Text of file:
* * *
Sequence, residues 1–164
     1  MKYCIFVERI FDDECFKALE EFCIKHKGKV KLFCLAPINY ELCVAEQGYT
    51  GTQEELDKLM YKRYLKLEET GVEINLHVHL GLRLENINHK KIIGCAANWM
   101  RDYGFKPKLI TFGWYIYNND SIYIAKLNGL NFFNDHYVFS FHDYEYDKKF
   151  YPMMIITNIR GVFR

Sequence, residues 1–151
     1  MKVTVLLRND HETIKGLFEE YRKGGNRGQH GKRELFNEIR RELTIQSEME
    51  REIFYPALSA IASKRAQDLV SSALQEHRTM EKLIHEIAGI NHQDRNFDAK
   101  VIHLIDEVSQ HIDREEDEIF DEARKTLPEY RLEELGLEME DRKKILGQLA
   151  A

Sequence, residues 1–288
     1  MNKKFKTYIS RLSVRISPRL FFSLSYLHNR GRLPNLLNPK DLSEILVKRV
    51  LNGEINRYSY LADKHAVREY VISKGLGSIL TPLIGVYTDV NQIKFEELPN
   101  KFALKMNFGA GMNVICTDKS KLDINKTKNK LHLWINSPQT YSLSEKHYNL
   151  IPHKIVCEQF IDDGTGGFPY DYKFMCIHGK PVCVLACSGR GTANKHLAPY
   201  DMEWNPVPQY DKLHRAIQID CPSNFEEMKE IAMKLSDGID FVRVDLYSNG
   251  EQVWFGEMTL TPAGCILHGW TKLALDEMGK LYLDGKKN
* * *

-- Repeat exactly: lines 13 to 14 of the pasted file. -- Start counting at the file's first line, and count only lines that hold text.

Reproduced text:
    51  LNGEINRYSY LADKHAVREY VISKGLGSIL TPLIGVYTDV NQIKFEELPN
   101  KFALKMNFGA GMNVICTDKS KLDINKTKNK LHLWINSPQT YSLSEKHYNL